Firstly, I’m curious about the cafe’s name.  Wendy explained that the word “abantu” (or derivations of it) means “people” in many African dialects.  Wendy was born and raised in South Africa, where she trained as an accountant.  She came to England with her family twenty years ago.  “But I still miss the drumming heartbeat of Africa,” Wendy tells me.

Abantu pistachio and roseIt wasn’t long before she set up a gift shop, selling Fairtrade goods, at Manor Farm in Bourn, while a friend ran the coffee shop next door.  When the friend left, Wendy took over the coffee shop and taught herself to bake.  Gradually, that side of the business took over and ten years later, Wendy moved the cafe to Wysing Arts Centre, where it won a “Best Cafe in East Anglia” award.

“Then Stickybeaks came up for sale,” explained Wendy, “and our lease at Wysing was coming to an end so I decided to go for it and move into the city centre.”  Wendy and her team of twelve people, including the ex Stickybeaks staff who all joined her, took over the building on 19th January and were open for business at the end of the month.  They had hungry customers queuing down the street on Day 1!

Abantu team

Abantu saladThe Abantu team enjoys working in the open kitchen which Wendy says is run more as a “home” kitchen than an industrial cooking space.  They make all their own cakes and like to keep up with the latest baking trends.  Abantu’s menu changes every day, with an emphasis on seasonal ingredients used in a variety of dishes for breakfast and lunch.  There are always three or four salads on offer and Boboti, a South African meatloaf, is a menu staple.

Abantu signVegetarians, vegans and those who eat gluten free are well catered for here and there’s a Bambino menu for kids too, so this really is a destination for the whole family.  Staff are welcoming and the cafe has an airy yet cosy vibe with art from Naomi Davies, a Cambridge artist who works in pen and watercolour, on the walls and a couple of outside tables, ideal for watching the world go by on sunnier days.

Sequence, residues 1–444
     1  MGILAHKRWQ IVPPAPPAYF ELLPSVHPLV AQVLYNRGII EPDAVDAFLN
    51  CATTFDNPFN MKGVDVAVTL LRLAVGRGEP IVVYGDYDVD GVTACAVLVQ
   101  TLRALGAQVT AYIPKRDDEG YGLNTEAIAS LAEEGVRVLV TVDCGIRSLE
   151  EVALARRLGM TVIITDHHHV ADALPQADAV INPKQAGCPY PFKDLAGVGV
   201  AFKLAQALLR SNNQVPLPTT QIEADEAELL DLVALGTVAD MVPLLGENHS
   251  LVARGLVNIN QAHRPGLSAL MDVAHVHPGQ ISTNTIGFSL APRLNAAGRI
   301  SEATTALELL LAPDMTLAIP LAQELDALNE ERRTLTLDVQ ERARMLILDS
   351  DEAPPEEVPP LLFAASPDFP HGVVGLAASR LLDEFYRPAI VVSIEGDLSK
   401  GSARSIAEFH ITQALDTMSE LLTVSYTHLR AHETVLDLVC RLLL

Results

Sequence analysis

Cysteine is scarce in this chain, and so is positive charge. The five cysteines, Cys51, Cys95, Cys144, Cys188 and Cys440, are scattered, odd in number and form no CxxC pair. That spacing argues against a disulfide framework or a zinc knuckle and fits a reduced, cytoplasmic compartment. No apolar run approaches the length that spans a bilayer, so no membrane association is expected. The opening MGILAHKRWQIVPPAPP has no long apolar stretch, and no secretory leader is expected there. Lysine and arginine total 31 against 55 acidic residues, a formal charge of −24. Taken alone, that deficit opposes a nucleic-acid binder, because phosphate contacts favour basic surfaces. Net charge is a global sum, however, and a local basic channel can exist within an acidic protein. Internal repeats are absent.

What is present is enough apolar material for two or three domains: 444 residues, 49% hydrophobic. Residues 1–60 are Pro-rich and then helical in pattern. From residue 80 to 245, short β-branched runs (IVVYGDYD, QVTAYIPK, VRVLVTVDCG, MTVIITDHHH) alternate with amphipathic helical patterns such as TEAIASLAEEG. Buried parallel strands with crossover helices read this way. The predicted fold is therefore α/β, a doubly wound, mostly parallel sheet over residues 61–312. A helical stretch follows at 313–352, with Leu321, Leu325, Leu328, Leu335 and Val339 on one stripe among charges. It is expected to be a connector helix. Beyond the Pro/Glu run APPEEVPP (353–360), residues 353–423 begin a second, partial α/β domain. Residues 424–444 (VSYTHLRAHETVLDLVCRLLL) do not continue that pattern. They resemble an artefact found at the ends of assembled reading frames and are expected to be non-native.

http://www.cafe-abantu.co.uk

http://www.naomidaviesart.co.uk

42 Hobson Street, Cambridge CB1 1NL

 

Mindfulness of Nature

Cambridge has so many wonderful green spaces and I love to see the small day to day changes in nature as I walk through them en route to the city centre.  Whatever the weather, it feels good to be connected to nature and to be aware of the turning of the seasons.

Last week, I met with Claire Thompson, who is running a range of Mindfulness of Nature courses, aimed at connecting us with the natural world through our senses and emotions rather than our thoughts.  “This in itself is therapeutic.  It’s not about solving a particular problem,” Claire says.  “It’s about enhancing our experience of life itself and exploring different aspects of what it is to be alive.  We’ve forgotten that we’re part of nature and if we don’t spend time in nature, we’re disconnected from something innate.”

Claire T headshot
Image credit: Jeremy Peters

Born in England but raised and educated in France, Claire came to Emmanuel College here in Cambridge where she read Natural Sciences, graduating in Zoology, with her particular interests lying in animal behaviour alongside conservation of nature and plants.  During a gap year pre university, Claire worked in Andalucia, Spain, which not only improved her Spanish but gave her a love for the warmth of the culture with its passion for life.

Subsequent summer breaks were spent volunteering on a nature conservation project centred around Pucon in the Chilean lake district, an area of volcanoes, rivers, mountains and temperate rain forest.  This time in Chile had a profound effect on Claire and has shaped her career and well being.  It fuelled her desire to spend time in wild places and to work in nature conservation.  In her late teens, like many of us Claire had experienced anxiety and she found this time in the wilderness amidst the beauty and power of nature, together with a growing interest in mindfulness, liberating.  It calmed her anxiety and gave her a greater sense of purpose.  “Mindfulness gives you a choice as to where you put your attention,” Claire tells me.  “You are not your thoughts.”